UN chief welcomes start of Church-mediated national dialogue in Nicaragua

Colombia: Santos thanks the EU for its support to the peace process

Resisting EU budget cuts

Unemployment and exclusion brings EU cities to boiling point

Eurozone’s central bank leadership prepares for shoddier prospects

Draghi: printing a full extra trillion non negotiable to help all borrow cheaply

Harnessing the power of nature in the fight against climate change

PM May fosters chauvinism, declares trade war on Europe

“Who do I call if I want to call Europe?” Finally a name and a number to answer Henry Kissinger’s question

The true EU unemployment rate may have soared to 21.9%

Does the West play the Syrian game in Egypt?

Open, inclusive and diverse cities are better for business and economic growth

China confirms anti-state-subsidy investigation on EU wine imports

A rapid deterioration of the humanitarian situation in the war-torn Yemen

168 hours left for MEPs – ECOFIN Council to deliver a Banking Union

EU signs with Canada historic trade agreement, others to follow

EU finally agreed to cut roaming charges in 2017 but criticism is always there

MWC 2016 Live: Roshan CEO opens up on Afghanistan challenges

Eurozone: Economic Sentiment Indicator recovering losses

Time is running out to protect Africa’s forests

EU agrees on Ukraine – Georgia visa-free travel amid veto risks and populist fears

After swallowing effortlessly the right to be forgotten time for Google Ads now to behave

Learn from the margin, not the center: digital innovation with social impact as transformative force bridging digital divide

Community Manager – 1289

These are the cities where people work the longest hours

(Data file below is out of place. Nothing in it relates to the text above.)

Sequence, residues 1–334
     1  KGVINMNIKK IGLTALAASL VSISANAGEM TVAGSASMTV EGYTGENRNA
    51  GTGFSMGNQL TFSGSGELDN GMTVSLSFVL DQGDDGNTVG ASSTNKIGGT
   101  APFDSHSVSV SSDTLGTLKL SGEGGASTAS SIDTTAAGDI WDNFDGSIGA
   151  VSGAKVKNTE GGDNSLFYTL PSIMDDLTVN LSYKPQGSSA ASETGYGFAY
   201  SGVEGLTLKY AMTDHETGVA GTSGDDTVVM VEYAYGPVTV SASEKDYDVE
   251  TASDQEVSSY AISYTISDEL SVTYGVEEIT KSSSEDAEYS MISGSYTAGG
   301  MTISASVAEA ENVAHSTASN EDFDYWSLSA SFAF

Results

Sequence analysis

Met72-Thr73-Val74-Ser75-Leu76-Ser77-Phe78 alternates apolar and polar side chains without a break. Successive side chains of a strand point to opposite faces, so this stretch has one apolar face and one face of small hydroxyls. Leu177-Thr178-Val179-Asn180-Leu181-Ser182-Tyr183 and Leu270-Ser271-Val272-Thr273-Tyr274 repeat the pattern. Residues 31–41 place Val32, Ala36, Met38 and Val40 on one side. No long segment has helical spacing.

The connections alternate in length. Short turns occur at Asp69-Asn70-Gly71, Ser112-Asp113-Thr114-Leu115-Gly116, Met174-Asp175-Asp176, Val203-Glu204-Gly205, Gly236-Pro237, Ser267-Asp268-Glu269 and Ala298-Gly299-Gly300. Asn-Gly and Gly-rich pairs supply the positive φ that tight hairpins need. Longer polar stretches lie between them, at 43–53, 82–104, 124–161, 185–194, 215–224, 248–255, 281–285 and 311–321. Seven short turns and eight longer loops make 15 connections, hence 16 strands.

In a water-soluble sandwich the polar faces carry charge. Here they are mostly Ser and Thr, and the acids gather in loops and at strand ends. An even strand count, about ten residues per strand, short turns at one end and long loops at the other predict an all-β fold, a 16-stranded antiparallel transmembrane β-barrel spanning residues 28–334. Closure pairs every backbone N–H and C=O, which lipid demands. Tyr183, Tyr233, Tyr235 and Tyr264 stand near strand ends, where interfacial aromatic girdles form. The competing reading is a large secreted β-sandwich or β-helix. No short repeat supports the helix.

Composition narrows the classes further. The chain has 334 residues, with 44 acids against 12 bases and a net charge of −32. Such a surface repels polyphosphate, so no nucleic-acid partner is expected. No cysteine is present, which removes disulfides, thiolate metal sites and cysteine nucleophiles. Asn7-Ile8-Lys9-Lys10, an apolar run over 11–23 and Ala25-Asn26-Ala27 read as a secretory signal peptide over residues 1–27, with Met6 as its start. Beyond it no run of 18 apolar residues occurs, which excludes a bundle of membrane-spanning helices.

Inflation keeps falling in Eurozone

The way to entrepreneurship in the developing world

UN member states express their will to tackle global migration but specific actions are still missing

Bangladesh: Head of UN refugee agency calls on Asia-Pacific leaders to show ‘solidarity’ with Rohingya refugees

4 things President Trump could learn from Jimmy Carter

EU and China to do more in common if the global scene gets worse

Global Citizen-Volunteer Internships

Canada has high levels of well-being and solid growth but trade tensions and housing market pose risks while inclusiveness could be improved

COP21 Breaking News_05 December: Ban Ki-Moon Closing Address at COP21 Action Day Innovation, Imagination, Faster Climate Action

A Sting Exclusive: “Climate change and youth inaction: oblivion or nonchalance?”, AIESEC wonders from Brussels

This Chinese tech giant’s latest gadget is… a bus

EU should promote immigration as a humanitarian issue in order to provide a more permanent solution

UN chief condemns suspected Boko Haram attacks targeting Eid al-Fitr celebrations in Nigeria

Security Council imposes arms embargo on South Sudan

The ECB still protects the banks at the expense of the EU taxpayers

Will the French let Macron destroy their party political system?

Stricter rules and tougher sanctions for market manipulation and financial fraud

Why and how Germany had it again its own way in Cyprus

Can a Bavarian Oktoberfest beer indulger bring down the Berlin government?

Obese people more likely to smoke, says new gene research: WHO

EUREKA @ European Business Summit 2014: A European patent system can help European businesses lead industrial research and innovation on a global scale

TTIP fight round 6: last chance for the negotiators to finally open up as they touch the Brussels ring

3 reasons why AI won’t replace human translators… yet

How we can work together in the fight against NCDs

More hiring freedom can reduce teacher shortages in disadvantaged areas

Skeptic France about Trump-Juncker trade deal favoring German cars; EU’s unity in peril

More Stings?

Speak your Mind Here

Fill in your details below or click an icon to log in:

WordPress.com Logo

You are commenting using your WordPress.com account. Log Out /  Change )

Google+ photo

You are commenting using your Google+ account. Log Out /  Change )

Twitter picture

You are commenting using your Twitter account. Log Out /  Change )

Facebook photo

You are commenting using your Facebook account. Log Out /  Change )

Connecting to %s